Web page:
I know chief executive David McNally has been fairly bullish about the fact that we’ll sign Ricky Van Wolfswinkel no matter what league we are in next season.
However, I’m convinced he would only have sanctioned such a deal if he was pretty confident a relegation scenario wouldn’t pan out.
All of his transfer dealings within the club over the last three years suggest here is a man not willing to put the club out on a limb. It’s been prudence with ambition – to revamp a well-known Norwich phrase.
Relegation, then, would leave us saddled with an expensive purchase, presumably with the high wages that go with it and in terms of the bigger picture undo some of the hard work of the past few years.
Granted we’d benefit from the Premier League parachute payments, but we’d be left with the scraps off the plate, while those still in the top division pore over the riches the latest television deal will bring.
I guess for that reason alone, the prospect of relegation doesn’t warrant thinking about too much – so I won’t. My pint’s still half full, we’ll win on Saturday, and again in two weeks, and all will be well within our club once more.
• Did anyone watch the highlights of Swansea’s game against Spurs last week and notice the repeated damage caused by Gareth Bale by simply running with pace at the oppositions defenders? While Norwich aren’t fortunate enough to have Bale in the squad, there are players with similar attributes. This is the ideal game for a fit again Anthony Pilkington to return, hopefully armed with some of the sparkle of last season.
• Time will tell whether Ricky van Wolfswinkel’s apparently ‘misquoted’ claims that Norwich are after an attacking midfielder and two wide players turn out to be accurate or not. In case you missed it he was quoted as saying so by Dutch football magazine Voetbal International, though Chris Hughton was quick to play down his quotes. Reading the interview back it was nice to see such open and honest quotes from a football player, rather than the usual cliches about ‘taking each game as it comes’. I’m sure in time we’ll see that change.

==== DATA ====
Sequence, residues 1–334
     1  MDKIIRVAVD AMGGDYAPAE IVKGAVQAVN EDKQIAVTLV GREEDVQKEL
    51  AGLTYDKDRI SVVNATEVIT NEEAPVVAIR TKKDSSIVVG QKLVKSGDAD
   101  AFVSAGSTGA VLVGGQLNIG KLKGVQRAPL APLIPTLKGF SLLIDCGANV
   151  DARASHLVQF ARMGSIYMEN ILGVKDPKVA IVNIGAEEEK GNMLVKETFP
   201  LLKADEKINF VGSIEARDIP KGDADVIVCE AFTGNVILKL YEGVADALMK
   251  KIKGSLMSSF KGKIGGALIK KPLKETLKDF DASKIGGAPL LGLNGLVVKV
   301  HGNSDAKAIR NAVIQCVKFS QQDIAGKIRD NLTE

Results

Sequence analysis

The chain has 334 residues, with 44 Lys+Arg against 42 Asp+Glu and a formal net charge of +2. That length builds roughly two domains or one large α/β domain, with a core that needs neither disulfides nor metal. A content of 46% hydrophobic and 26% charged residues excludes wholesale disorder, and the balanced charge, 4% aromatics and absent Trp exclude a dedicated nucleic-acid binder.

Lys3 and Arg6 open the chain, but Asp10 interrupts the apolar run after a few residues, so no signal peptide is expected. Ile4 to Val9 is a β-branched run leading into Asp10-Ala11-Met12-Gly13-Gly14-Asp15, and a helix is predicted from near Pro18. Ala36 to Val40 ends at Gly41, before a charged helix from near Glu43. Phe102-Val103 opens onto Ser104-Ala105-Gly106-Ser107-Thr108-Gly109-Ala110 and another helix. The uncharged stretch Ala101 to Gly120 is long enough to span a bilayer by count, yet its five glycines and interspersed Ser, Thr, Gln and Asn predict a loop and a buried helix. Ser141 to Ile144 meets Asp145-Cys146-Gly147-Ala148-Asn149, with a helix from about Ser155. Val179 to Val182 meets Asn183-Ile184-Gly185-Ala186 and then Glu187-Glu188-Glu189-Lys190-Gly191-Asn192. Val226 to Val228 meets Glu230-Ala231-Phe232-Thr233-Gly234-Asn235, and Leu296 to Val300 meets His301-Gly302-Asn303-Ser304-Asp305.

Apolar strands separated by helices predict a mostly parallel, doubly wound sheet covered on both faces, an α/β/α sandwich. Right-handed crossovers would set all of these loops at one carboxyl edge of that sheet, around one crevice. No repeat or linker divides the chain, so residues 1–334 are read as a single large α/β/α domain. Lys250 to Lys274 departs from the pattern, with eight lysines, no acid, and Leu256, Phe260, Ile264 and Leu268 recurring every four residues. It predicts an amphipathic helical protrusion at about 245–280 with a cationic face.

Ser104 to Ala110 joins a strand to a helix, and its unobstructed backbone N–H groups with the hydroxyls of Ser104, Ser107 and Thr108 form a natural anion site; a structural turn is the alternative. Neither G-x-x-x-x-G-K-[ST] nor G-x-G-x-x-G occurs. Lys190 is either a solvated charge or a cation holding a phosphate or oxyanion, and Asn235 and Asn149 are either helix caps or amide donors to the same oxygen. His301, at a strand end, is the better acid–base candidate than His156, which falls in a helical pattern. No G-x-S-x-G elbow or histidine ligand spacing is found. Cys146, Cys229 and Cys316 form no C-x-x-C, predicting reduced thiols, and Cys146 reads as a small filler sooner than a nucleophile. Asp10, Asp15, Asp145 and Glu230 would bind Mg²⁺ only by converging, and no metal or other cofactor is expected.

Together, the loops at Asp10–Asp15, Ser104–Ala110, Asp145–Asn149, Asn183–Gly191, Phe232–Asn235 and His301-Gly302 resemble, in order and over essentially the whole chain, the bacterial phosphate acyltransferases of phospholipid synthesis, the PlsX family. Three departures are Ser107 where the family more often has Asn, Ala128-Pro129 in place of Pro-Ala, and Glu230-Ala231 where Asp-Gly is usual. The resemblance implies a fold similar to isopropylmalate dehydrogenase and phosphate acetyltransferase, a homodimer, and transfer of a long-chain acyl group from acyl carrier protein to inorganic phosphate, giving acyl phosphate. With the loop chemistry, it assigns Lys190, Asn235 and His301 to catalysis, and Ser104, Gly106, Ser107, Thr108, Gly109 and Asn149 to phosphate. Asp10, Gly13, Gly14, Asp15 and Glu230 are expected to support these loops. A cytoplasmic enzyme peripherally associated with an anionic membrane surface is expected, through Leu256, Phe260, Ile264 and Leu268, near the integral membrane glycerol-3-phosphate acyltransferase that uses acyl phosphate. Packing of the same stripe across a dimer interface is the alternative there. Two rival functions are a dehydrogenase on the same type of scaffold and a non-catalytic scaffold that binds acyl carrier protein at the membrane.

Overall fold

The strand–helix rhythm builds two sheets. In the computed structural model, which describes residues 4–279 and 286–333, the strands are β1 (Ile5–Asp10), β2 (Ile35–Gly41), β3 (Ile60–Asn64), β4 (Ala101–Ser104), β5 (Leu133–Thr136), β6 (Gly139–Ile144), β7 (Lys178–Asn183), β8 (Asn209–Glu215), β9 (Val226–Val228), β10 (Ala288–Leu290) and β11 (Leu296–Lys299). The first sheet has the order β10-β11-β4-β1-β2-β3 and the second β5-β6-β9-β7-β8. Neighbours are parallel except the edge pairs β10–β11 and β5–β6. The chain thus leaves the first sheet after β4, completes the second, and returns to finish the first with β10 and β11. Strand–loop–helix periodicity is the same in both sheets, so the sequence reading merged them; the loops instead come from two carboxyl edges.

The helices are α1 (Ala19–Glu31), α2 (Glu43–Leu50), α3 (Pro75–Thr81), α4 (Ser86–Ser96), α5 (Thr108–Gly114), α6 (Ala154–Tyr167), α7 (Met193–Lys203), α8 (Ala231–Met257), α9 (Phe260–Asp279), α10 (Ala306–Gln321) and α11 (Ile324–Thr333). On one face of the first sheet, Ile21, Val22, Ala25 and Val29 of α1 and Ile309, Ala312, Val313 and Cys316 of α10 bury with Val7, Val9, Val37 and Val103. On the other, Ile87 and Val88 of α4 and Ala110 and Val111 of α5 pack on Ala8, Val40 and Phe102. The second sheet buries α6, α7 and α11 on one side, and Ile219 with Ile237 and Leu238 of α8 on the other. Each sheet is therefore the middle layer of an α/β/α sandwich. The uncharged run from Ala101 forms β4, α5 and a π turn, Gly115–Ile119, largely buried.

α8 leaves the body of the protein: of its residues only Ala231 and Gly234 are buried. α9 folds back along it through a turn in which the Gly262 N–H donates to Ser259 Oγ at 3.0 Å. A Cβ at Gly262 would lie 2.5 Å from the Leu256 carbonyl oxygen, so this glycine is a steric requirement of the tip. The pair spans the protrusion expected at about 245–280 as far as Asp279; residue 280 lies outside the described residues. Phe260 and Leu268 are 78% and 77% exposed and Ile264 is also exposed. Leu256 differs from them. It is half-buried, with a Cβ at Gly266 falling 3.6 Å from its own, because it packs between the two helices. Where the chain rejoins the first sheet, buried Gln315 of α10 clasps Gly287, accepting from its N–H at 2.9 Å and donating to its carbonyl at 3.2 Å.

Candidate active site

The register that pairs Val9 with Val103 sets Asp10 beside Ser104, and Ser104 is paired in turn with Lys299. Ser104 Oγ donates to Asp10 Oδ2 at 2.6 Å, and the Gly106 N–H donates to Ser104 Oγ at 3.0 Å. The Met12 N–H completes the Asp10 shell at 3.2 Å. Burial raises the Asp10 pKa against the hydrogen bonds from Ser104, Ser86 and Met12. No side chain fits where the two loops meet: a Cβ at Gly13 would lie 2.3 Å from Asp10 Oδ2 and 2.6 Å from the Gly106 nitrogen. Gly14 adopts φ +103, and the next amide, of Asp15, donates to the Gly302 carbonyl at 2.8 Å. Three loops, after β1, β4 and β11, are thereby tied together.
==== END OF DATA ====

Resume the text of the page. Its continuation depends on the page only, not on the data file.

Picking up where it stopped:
• An interesting tweet from David McNally this week. In response to a question as to whether we might play Ipswich Town in a friendly, his reply was “watch this space”. Let’s hope he’s not teasing City fans because such a prospect would be fantastic, much needed. But would Norfolk and Suffolk Police sanction such a game considering trouble at previous encounters?
• In a parallel universe Norwich City have been in the headlines for all the wrong reasons this week after a member of its board, perhaps even it’s majority shareholder, was jailed for 14 years for a series of frauds. Thankfully, in this universe the efforts of Giovanni di Stefano to increase upon his six per cent share of the Canaries with a hostile takeover in 2001 were rebuffed. Last week di Stefano, 57, was convicted on 25 charges including deception, fraud and money laundering between 2001 and 2011. The case should come as a cautionary tale to Canaries fans who, at various points in the past decade or so have wanted to see our current majority shareholders were displaced. Can’t help but think we got a lucky break in this case.